image 1

The bruises are beginning to fade, partially sanded recycled parquet floor panels with mirrored inserts. The viewer is invited to stand and reflect on the memories and marks left and held within the material constructs of institutional buildings and architecture. From floor to wall these panels manifest the oppressive and claustrophobic feelings of power and authority, whilst the reflective mercurial surfaces offer avenues of escape.

image 2

No man’s land, an assemblage of 10 vintage factory spools and 11 vintage irons. A simple hommage to the ‘fairer sex’.

image 2



Davina Kemble MFA

Matter contains the authenticity of our existence – that of experience and history. These anthropological connections inspire and inform my work, the focus of which lies in the relationship between material substance and form. I explore how we integrate everyday objects - taking the essence of them into our subconscious - and how we respond to them when they are taken out of their usual function and environment and juxtapose them with others, thereby creating dualities between inner and outer experience.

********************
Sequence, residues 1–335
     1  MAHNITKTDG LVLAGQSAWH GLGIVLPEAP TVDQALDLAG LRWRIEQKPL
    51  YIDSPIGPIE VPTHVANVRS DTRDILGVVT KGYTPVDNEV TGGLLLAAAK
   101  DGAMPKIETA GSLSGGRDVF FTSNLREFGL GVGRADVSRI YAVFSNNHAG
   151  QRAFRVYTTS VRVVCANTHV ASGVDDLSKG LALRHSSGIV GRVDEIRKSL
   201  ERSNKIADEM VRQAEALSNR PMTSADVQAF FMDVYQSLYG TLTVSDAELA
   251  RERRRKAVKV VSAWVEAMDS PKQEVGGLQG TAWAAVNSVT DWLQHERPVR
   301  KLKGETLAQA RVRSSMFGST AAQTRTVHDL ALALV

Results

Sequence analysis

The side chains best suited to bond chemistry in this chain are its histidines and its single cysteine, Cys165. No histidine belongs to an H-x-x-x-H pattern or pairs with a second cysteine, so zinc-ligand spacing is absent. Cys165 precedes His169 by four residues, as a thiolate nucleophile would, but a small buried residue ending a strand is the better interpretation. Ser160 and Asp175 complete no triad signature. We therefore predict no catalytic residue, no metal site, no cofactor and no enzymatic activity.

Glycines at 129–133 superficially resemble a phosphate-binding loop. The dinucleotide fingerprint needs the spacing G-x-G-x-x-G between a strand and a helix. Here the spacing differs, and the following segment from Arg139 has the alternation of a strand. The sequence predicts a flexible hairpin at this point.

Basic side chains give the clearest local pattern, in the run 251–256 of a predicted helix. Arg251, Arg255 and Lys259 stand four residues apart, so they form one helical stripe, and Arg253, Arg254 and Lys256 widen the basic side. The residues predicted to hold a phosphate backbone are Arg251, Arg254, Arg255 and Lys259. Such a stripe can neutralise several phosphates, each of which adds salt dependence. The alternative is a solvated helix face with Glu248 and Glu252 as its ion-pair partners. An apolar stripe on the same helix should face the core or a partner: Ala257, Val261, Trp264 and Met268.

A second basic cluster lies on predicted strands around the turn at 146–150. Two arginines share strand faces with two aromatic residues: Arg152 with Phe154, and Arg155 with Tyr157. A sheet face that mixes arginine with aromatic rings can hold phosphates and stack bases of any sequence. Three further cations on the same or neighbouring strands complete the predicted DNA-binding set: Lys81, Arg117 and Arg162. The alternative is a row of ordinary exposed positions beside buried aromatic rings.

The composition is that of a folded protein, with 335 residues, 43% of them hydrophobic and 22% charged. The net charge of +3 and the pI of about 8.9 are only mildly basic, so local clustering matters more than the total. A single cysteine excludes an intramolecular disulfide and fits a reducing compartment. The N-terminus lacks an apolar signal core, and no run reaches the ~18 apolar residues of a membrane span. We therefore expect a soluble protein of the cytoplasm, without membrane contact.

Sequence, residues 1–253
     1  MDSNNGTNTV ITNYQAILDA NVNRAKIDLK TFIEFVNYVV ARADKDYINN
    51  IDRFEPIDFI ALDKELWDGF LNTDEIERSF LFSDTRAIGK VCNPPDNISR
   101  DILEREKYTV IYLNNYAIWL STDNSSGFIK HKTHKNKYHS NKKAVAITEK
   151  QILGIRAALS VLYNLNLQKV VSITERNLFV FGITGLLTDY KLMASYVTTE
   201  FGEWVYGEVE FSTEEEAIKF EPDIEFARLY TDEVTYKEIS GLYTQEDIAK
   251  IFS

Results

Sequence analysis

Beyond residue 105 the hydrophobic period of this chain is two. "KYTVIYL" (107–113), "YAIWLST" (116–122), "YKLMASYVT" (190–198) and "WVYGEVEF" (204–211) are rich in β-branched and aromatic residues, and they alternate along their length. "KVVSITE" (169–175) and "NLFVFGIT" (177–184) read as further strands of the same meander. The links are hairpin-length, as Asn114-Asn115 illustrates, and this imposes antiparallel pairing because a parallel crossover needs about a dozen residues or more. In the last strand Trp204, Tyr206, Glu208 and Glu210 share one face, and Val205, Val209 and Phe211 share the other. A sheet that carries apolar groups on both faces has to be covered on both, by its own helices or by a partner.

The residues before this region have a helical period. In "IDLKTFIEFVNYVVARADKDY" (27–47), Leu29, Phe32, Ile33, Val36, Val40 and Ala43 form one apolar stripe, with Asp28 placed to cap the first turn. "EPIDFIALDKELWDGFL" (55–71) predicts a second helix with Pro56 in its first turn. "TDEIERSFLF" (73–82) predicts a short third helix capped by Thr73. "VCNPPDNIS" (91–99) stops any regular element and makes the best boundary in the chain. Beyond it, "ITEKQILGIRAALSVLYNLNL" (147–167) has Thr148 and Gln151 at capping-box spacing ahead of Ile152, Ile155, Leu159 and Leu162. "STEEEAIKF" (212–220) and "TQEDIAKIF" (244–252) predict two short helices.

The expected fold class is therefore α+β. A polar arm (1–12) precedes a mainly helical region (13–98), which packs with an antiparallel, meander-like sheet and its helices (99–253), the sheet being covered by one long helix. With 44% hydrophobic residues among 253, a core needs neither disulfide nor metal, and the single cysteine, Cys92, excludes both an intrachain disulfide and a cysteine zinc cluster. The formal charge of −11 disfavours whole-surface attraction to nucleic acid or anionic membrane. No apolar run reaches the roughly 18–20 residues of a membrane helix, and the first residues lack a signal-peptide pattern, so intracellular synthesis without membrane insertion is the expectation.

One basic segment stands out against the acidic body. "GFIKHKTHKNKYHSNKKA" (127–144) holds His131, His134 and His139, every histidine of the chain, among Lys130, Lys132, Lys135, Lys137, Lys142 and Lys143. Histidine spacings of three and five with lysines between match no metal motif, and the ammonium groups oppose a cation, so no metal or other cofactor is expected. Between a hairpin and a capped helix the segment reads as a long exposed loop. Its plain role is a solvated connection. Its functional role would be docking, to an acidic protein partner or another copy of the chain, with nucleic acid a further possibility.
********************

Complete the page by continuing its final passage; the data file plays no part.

Over a 25 year period I studied and developed my artistic skills working exclusively with character woods as a chosen medium - incorporating architectural and sculptural forms. I then went on to study wire and paper modelling and print-making.


In 2013 I received a First Class Honours Degree in Applied Art and Design from Bath Spa University and won the Business Plan Merit Award for the ‘Pebblewood’ Coffin.

In 2014 I was awarded a Masters in Fine Art by Bath Spa University.

From 2016 to present day I have developed and run Pebblewoodurns alongside my studio practice that has moved to Northdown Studios – Cliftonville - Margate.

In 2018 I joined LovefromtheArtist.com as a contributor.

Contact Details
T: 01249 813007
E: [email protected]
E: [email protected]
https://www.etsy.com/uk/shop/PebblewoodUrns
https://www.lovefromtheartist.com/Artists/margate/davina-kemble
Davina Kemble

ON THE FACE OF IT - Artist biography

From 1977 to 1980 Davina studied Mime at the City Lit, London. During her training, she became intrigued by the Commedia Del’Arts mask characters that in-turn led her to study at the Jacques Lacoq School, Paris. Here she took the course “Du Clown au Bouffon”, one of the inspirations for this show.
Further studies at Chippenham Technical College during the 1990s led to a successful career as a bespoke furniture maker.
In 2013, Davina obtained a 1st Class Honours Degree in Applied Arts and Design from Bath Spa University. During this period, she also studied wire and paper modelling under Peter Rush, working on the nativity scene in Salisbury cathedral and the Praying Mantis of the 2000 Paralympics Opening Ceremony.
During 2014, Davina received a Masters Degree in Fine Art from Bath Spa University.

Spanning over 40 years, this cornucopia of creative experience, as both a craftsman and as a fine artist, has informed Davina’s work.